Online Program

Relationship between knowledge, perceived risk, and influenza vaccine uptake in health science students

Wednesday, November 6, 2013 : 10:38 a.m. - 10:56 a.m.

Diana Willeman-Buckelew, PhD, Communith Health Sciences Department/Health Sciences Program, Jefferson College of Health Sciences, Roanoke, VA
Aimee Ferraro, PhD, MPH, College of Health Sciences, Walden University, Minneapolis, MN
Background: The Centers for Disease Control and Prevention (CDC) recommends that all healthcare personnel be vaccinated annually for influenza and Healthy People 2020's objective is to increase seasonal influenza vaccination coverage of healthcare personnel to 90%. Health science students have direct patient contact in their clinical courses; therefore, unvaccinated students could potentially infect patients and others with influenza. Objective: The purpose of this study was to examine what influence perceived risk of contracting influenza and knowledge about influenza and vaccination had on the decision to receive the vaccine and to identify predictors of vaccine uptake. Methods: An internet-based survey was completed by 299 undergraduate health science students that assessed knowledge, perceived risk, and influenza vaccine uptake. Results: Self-reported influenza vaccine uptake was 44.3%. Results indicated that there were significant differences between knowledge (p = .029), perceived risk (p < .001), and influenza vaccine uptake. Multivariate logistic regression found that perceived risk (p < .001), patient contact separate from clinical courses (p = .011), and prior vaccination (p < .001) were predictors of vaccine uptake. Lack of time, inconvenience, and not wanting the vaccine were the most common barriers reported for not receiving the influenza vaccine. Conclusion: Influenza vaccine coverage of health science students fell below the Healthy People 2020 goal of 90% and does not meet the recommendations of the CDC. Health science students have the ethical responsibility to follow evidence-based infection control practices and be vaccinated annually for influenza.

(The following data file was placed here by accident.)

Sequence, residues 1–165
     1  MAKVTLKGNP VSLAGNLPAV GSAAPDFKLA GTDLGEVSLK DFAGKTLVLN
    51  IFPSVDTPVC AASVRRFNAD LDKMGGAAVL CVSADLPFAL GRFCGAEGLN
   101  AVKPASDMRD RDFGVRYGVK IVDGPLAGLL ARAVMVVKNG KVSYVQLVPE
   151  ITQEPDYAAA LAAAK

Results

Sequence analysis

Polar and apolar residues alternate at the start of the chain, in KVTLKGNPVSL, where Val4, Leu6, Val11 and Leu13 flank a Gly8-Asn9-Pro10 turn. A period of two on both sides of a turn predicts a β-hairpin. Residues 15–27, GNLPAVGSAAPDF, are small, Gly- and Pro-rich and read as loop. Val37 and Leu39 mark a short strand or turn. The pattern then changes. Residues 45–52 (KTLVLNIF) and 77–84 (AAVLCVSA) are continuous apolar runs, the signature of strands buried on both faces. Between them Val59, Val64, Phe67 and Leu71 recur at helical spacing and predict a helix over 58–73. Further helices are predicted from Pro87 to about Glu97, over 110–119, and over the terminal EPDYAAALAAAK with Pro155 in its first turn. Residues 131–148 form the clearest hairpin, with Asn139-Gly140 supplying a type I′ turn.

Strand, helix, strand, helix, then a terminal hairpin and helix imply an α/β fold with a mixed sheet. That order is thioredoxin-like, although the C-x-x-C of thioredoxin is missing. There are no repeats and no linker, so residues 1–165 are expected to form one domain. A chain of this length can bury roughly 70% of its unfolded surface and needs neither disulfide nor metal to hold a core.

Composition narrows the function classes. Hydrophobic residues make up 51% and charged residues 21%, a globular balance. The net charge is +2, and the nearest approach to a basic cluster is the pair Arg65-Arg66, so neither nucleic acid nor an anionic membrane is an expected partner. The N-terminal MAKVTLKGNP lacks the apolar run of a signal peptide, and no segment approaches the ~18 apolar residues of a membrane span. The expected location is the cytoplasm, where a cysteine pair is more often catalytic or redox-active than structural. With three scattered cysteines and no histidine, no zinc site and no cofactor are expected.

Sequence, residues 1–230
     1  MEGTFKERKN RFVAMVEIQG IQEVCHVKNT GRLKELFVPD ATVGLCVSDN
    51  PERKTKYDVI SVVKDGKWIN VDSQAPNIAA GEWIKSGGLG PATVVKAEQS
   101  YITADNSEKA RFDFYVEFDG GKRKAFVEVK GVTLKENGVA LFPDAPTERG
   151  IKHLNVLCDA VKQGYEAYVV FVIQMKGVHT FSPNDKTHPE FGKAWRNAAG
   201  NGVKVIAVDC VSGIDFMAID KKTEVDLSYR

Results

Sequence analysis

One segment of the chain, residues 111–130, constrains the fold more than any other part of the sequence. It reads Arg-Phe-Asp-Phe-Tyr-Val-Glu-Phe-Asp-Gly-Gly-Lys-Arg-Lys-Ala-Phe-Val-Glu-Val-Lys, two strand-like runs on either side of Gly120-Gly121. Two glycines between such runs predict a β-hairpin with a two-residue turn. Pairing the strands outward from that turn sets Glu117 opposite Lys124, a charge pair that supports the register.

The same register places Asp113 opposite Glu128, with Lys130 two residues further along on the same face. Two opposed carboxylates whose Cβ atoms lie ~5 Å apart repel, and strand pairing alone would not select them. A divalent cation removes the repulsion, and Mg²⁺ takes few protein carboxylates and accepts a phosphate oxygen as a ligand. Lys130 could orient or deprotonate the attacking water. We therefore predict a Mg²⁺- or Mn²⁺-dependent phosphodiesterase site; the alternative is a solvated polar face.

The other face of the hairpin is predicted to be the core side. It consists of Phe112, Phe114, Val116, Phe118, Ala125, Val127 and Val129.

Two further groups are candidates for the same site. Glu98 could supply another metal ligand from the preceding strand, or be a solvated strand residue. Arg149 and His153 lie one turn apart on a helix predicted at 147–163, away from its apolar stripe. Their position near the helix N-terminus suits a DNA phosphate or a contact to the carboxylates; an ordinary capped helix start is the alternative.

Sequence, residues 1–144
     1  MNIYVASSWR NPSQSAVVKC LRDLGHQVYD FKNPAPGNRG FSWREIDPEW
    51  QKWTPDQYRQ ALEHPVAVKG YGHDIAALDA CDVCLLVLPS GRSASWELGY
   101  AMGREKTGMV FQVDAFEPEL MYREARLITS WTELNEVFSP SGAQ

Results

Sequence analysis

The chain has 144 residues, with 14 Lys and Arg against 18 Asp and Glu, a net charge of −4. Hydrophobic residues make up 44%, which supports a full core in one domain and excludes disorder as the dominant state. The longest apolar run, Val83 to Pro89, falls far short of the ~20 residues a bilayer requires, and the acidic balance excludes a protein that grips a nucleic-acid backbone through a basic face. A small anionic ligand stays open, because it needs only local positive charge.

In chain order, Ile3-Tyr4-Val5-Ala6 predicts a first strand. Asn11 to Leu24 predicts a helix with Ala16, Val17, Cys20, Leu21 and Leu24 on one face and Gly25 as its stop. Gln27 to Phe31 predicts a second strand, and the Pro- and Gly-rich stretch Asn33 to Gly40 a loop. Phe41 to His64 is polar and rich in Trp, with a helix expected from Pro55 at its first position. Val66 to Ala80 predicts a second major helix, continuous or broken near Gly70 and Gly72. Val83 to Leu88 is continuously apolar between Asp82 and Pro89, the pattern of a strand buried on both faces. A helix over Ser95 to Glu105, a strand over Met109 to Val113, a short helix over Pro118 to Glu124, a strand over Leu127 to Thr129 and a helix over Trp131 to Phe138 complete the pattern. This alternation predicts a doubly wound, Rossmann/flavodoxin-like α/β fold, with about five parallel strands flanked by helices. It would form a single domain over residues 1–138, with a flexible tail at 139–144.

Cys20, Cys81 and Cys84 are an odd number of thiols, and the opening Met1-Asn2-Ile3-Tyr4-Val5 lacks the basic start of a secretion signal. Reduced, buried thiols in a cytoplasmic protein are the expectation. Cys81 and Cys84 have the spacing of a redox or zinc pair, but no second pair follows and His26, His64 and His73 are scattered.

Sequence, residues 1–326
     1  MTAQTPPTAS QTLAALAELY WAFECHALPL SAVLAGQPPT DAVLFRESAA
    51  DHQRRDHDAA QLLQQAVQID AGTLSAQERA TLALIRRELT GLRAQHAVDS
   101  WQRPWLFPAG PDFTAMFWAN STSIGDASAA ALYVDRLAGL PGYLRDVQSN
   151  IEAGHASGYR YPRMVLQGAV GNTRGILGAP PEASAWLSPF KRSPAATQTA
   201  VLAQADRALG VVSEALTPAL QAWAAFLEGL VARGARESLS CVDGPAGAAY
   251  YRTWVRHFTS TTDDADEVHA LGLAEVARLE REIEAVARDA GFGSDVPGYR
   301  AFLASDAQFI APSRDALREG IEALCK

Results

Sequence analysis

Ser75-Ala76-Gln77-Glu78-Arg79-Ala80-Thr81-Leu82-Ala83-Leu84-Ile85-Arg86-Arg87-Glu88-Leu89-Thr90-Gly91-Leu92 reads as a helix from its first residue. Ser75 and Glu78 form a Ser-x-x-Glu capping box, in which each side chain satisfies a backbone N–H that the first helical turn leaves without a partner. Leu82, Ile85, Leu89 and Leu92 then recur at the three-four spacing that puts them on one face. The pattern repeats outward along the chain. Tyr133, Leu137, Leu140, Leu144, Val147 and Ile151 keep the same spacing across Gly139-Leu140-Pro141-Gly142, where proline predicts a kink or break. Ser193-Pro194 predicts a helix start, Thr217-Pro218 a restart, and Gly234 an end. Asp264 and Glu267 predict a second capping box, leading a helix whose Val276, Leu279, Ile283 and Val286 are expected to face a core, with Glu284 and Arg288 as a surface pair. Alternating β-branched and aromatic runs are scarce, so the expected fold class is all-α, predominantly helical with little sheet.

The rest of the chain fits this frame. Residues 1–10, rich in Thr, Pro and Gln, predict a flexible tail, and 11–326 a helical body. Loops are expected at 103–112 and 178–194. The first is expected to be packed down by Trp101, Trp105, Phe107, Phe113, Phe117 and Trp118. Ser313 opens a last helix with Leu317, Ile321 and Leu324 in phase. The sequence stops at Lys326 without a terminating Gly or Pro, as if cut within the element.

Learning Areas:

Protection of the public in relation to communicable diseases including prevention or control
Public health or related research
Social and behavioral sciences

Learning Objectives:
Assess the relationship between knowledge, perceived risk, and influenza vaccine uptake in health science students. Identify the predictors of influenza vaccine uptake in health science students. List the common barriers reported by health science students for not receiving the influenza vaccine.

Keyword(s): Immunizations, Health Care Workers

Presenting author's disclosure statement:

Qualified on the content I am responsible for because: I was the principal investigator for this study which was conducted for my dissertation at Walden University. I have a PhD in public health with a specialization in epidemiology (May 2013). My background includes working in either forensic, bone marrow transplant, or clinical laboratories for almost 20 years and teaching college-level courses since 1990.
Any relevant financial relationships? No

I agree to comply with the American Public Health Association Conflict of Interest and Commercial Support Guidelines, and to disclose to the participants any off-label or experimental uses of a commercial product or service discussed in my presentation.